Baisakhi 2022: A Beautiful Harvest Festival And New Year For Sikh Community

Baisakhi 2022: A Beautiful Harvest Festival And New Year For Sikh Community

Baisakhi is a harvest festival celebrated in Punjab. Its celebration also marks the Sikh New Year. It is primarily observed in Punjab, Uttar Pradesh, and Haryana, on a high key, in the northern region. This festival receives tremendous love, it is embraced with enthusiasm and great zealous.

The spring festivity seems to be another name for this event. On this day, devotees also recognise Guru Gobind Singh, the Sikh Guru. Also, Gurudwaras host special langars and offerings to celebrate the anniversary. Vaisakha Sankranti and Vaisakhi day are several other names for this gathering.


Baisakhi Date And Time

  • Vaishakhi: Thursday, Apr 14, 2022
  • Vaishakhi Sankranti Moment: 08:56 am
  • Mesha Sankranti: Thursday, Apr 14, 2022

History of Baisakhi

Guru Gobind Singh established Khalsa culture in 1699. Some other legend surrounding this day claims that Guru Gobind Singh asked several people to give up their freedom for the Guru on this day. Just five guys walked together after he said this, and they were later named Panj Piaras of the Sikh Culture. Individuals throughout the North of India often cultivate their agriculture on this day and praised their leaders for supporting them with survival and shelter.

People are dressed up in traditional outfits as well as celebrate with their families to acknowledge this day. On the day, participants sometimes eat Kada Prasad, made with atta and ghee and offer it to everyone. Before we delve into further details of Baisakhi, we wish our readers a very happy Baisakhi at this Sikh festival.

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Importance of Baisakhi

This fest is particularly significant for Sikhs because it commemorates the establishment of the Khalsa Panth in Sikhism. This day is noteworthy from a meteorological standpoint. The Five beloved ones portrayed the Khalsa, which was the united body of all incorporated Sikhs (or the Panj Pyare in Punjabi).

It is also known as the Guru Panth, or the Guru’s incarnation. The establishment of the Khalsa nation spawned two key aspects of Sikhism: the Khalsa civilisation, and the method of enforcing Guru Nanak’s philosophy as prescribed – Shabad surat abyass:

Guru Nanak’s mission was completed after the sacrifices of the Gurus, the sacrifice of Guru Gobind Singh’s four sons, and several sacrifices of Shahid Singhs. Everything that was achieved during the 314 years was covered and protected by these aspects.

Baisakhi is unique and influential since it signifies the Sun’s entrance into Aries sign, which is why it is also known as Mesha Sankranti. In Haryana and Punjab, the day of Baisakhi is significant. Farmers visit temples and gurudwaras after waking up early and wear new clothes to thank the Lord for the bountiful crop and pursue blessings for a prosperous cultivation campaign.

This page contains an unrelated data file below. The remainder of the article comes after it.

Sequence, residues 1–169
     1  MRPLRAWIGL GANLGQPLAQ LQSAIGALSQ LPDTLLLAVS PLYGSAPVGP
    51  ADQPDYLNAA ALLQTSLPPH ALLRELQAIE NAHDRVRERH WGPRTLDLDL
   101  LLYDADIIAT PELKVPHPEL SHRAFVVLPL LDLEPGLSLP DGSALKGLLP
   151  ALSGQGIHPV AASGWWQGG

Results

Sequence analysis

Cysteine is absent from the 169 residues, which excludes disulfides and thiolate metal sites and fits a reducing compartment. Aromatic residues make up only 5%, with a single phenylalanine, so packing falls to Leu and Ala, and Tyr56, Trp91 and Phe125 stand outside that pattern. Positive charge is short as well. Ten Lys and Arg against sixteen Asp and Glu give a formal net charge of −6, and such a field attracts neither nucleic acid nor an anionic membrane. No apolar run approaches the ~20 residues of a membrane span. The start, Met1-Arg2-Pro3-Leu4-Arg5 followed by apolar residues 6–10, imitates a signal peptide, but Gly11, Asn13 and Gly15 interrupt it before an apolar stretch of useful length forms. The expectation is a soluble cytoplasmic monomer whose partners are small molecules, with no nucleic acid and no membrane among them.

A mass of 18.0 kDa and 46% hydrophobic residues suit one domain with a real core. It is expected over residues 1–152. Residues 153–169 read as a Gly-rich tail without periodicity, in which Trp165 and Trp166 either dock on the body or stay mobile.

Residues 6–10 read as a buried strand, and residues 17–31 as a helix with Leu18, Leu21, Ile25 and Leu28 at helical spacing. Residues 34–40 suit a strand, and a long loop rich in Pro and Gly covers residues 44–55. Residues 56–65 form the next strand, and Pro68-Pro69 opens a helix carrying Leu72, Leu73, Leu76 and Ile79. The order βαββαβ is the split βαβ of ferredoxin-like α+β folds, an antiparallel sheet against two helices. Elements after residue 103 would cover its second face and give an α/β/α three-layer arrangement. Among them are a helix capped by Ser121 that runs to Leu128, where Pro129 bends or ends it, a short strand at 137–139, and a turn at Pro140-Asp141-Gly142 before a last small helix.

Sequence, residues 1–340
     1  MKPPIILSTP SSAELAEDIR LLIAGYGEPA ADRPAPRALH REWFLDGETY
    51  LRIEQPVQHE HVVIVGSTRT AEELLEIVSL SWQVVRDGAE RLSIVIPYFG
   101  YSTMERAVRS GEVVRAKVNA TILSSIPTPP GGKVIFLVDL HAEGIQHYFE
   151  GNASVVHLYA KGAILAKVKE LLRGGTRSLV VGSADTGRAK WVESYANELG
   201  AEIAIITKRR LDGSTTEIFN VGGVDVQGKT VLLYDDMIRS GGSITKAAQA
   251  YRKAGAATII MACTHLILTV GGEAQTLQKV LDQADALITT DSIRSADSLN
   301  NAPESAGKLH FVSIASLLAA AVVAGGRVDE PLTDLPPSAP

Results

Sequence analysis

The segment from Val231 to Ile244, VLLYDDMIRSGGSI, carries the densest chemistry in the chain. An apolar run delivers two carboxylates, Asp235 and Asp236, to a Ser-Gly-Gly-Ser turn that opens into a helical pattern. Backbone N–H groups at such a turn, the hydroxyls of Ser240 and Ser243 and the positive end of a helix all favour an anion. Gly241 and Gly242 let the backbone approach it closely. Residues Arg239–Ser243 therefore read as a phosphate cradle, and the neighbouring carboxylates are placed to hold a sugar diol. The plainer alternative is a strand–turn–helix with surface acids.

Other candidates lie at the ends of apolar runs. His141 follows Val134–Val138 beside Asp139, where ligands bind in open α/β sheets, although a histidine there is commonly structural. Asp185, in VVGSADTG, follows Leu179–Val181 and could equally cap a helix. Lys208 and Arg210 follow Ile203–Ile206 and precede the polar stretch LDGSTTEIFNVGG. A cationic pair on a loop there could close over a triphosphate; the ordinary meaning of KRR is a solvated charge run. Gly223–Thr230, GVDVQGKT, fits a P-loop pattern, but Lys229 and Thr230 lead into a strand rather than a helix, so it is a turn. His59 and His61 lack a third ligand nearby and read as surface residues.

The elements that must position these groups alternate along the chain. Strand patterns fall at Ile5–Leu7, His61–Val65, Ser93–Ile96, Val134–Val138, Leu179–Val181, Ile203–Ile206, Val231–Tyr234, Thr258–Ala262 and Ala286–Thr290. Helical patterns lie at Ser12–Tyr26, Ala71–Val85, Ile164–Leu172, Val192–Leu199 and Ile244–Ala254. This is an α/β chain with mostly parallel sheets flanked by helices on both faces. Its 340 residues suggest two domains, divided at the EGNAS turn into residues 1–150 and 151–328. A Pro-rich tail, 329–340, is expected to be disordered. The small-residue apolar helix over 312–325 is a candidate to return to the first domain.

Rituals In Baisakhi

‘Awat Pauni,’ a significant Baisakhi ceremony, is performed. People gather here to harvest crops while listening to the dhol and singing melodic folk melodies. A religious procession is known as ‘Nagar Kirtan’ is also carried out in the Baisakhi. People come together to sing songs and chants from the Sikh sacred book, the Guru Granth Sahib. They are led by five Khalsa dressed as Panj Pyaras who carries the sacred book as a sign of respect.


Celebration Of Baisakhi

Baisakhi is a harvest festival, and it is celebrated with a lot of merriment and colour. Rabi crops remain fit to be cut in different parts of India throughout this phase, billowing with optimism and dynamism. Punjab, Haryana, and West Bengal are among the states that celebrate it the most.

On this day, farmers dedicate their lives to Mother Nature and praise her for the abundant harvest. They also wish for the country’s well-being and stability in the forthcoming year.

Sikh families visits Gurdwaras on Baisakhi to take part in special morning prayers. After prayer, all the devotees are given a dessert called Kada Prasad. A special Langar is organised on this day.

On this day, the Guru Granth Sahib, the famous Sikh scriptural interpretation, is brought along in a ceremony. Numerous bands play, dance, and recite spiritual slogans and condolences during the ceremony. People engage in Bhangra and Gidda, two elements of traditional dance, on this day.

Men and women dresses in vivid colours. The men wear conventional turbans with big follower embellishments on top of their heads. Kurtas, a broad waistcoat with a designed blazer, are often worn by them. A lungi, a huge chunk of fabric wrapped around the waist, was worn under the kurta. Salwar suits and scarves are worn by women.

Usually, Puri, Gajjar ka halwa, Paneer Tikka, Motichhor Ladoo, Makki di roti, Chicken Biryani, and other traditional Indian and Punjabi dishes are served on this day.

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Closing Note

Undoubtedly this Baisakhi harvest festival is rooted in the sacrifices of legends, the emotions of farmers, and the heart of the people in India. This is not just about Baisakhi day, it’s more about the celebration of unity, and utmost prosperity.  #HappyBaisakhi

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